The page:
Acts 2:22-36


The substance of Peter's sermon is beautiful Gospel. But for the Jews on that day this sermon was terrifying Law because they were the very ones who had crucified Him.

Notice the progression in the words of address which Peter uses. In verse 14 he called them "Men of Judea." In verse 22 Peter calls them "Men of Israel," a term of respect, going back to the patriarchs. And then in verse 29 Peter calls them "Men and brethren." The Spirit who had just been poured onto the Apostles gave Peter courage and love to confront Jesus' enemies with the truth.

Peter's sermon divides itself into two parts: a) in verses 22-28 he informs his hearers that the resurrection of Jesus was inevitable because it had been prophesied by David in Psalm 16, and, b) In verses 29-36 he informs his hearers that the exaltation of Jesus was bound to come because David had prophesied it in Psalm 110:1.

Acts 2:22 "Men of Israel, listen to this: Jesus of Nazareth was a man accredited by God to you by miracles, wonders and signs, which God did among you through him, as you yourselves know.

Peter had already called their attention to what he was going to say in verse 14. But here he uses polite address and an emphatic imperative to call to their attention the most significant event in history for which they were responsible.

Peter preaches nothing but Christ. A good lesson for the preacher.

Verses 22-24 comprise one sentence, with 22-23 devoted to the object. The subject finally appears in verse 24. Verses 22-24 say "God raised Jesus of Nazareth from the dead though you crucified Him." Peter calls Him "Jesus of Nazareth" likely because that's what they called Him in the passion account. See John 18:5 and 7 and the superscription on the cross.

God approved of Jesus to them by means of the many powerful miracles. John 11:47 is proof from their own mouths that the miracles were undeniable. They were a cause of His death. What God commended, the Jews rejected and cursed. Peter merely reminds them of what they already know.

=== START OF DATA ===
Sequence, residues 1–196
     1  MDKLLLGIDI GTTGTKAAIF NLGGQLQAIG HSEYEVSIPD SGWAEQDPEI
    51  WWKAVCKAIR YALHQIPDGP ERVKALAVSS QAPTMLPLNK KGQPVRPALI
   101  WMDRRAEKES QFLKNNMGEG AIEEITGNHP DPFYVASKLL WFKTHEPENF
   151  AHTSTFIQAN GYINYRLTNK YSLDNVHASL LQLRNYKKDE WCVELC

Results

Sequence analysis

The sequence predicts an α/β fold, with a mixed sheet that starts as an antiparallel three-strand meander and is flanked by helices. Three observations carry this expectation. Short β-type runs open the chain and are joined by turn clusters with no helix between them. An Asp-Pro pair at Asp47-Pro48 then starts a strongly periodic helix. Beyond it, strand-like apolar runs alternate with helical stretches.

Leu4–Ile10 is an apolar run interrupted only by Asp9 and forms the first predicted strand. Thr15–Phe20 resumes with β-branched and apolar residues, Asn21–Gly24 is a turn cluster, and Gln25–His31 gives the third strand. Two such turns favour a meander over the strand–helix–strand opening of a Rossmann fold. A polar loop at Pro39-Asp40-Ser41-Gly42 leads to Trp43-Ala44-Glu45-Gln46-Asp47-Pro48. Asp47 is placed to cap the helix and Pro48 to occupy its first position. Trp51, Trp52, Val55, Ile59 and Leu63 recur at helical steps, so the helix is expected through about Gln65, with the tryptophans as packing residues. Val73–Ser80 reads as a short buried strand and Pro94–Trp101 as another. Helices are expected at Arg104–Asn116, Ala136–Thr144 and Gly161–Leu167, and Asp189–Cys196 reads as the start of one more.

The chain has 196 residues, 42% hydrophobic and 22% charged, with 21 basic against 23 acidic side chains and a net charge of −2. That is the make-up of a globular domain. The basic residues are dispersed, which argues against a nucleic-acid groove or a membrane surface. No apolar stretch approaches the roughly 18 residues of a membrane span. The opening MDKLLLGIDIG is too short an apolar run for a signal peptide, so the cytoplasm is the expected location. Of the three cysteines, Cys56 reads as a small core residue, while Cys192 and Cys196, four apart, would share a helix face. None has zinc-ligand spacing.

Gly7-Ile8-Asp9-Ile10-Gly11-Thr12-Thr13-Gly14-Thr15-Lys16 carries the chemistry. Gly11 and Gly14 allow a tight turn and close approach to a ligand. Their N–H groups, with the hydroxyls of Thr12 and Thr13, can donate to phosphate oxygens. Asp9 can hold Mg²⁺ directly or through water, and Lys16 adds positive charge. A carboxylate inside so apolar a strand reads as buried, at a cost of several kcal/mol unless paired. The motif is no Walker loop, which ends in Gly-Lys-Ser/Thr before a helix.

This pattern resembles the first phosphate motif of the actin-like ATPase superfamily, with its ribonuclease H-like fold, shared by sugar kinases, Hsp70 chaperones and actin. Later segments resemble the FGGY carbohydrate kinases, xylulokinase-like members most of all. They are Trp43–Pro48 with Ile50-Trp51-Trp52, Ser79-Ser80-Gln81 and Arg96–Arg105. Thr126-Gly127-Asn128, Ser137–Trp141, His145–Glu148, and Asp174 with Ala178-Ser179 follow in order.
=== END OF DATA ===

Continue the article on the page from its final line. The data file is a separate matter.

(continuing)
Acts 2:23 This man was handed over to you by God's set purpose and foreknowledge; and you, with the help of wicked men, put him to death by nailing him to the cross.

Peter describes the definite plan and intention of God. It was lastingly foreordained. "You nailed Him and destroyed Him." The eternal plan of God does not minimize the guilt of the Jews. Though the Romans actually crucified Jesus, the Jews instigated it. Men may be quite guilty in carrying out what God has purposed, Gen. 50:20; Is. 10:5-7; Acts 4:27-28.

Acts 2:24 But God raised him from the dead, freeing him from the agony of death, because it was impossible for death to keep its hold on him.

"Him God raised up." The Greek word "agony" is "pains" as in the pain of a woman in childbirth. Perhaps the point is that just as when a baby is born the pain is suddenly ended (John 16:21) likewise resurrection is suddenly the end of all grief. But we must remember that all of Jesus' suffering ended on Calvary. Peter pictures death from our point of view, the wages of sin. Jesus paid that before He died.

Acts 2:25 David said about him: "'I saw the Lord always before me. Because he is at my right hand, I will not be shaken.

Verses 25-28, quoted from Psalm 16:8-11, give the Old Testament reason for the resurrection of Jesus Christ. The OT prophesied the resurrection of Jesus. David knew that just as Abraham believed in Him, John 8:56.

David in Psalm 16 was not writing about himself. He was writing about Jesus Christ. No one knows on what occasion David wrote Psalm 16 nor need we know because this Psalm, in its entirety, is Messianic.

The LXX is quoted quite exactly which agrees with the Hebrew. Only a phrase here and there is changed for the sake of clarity.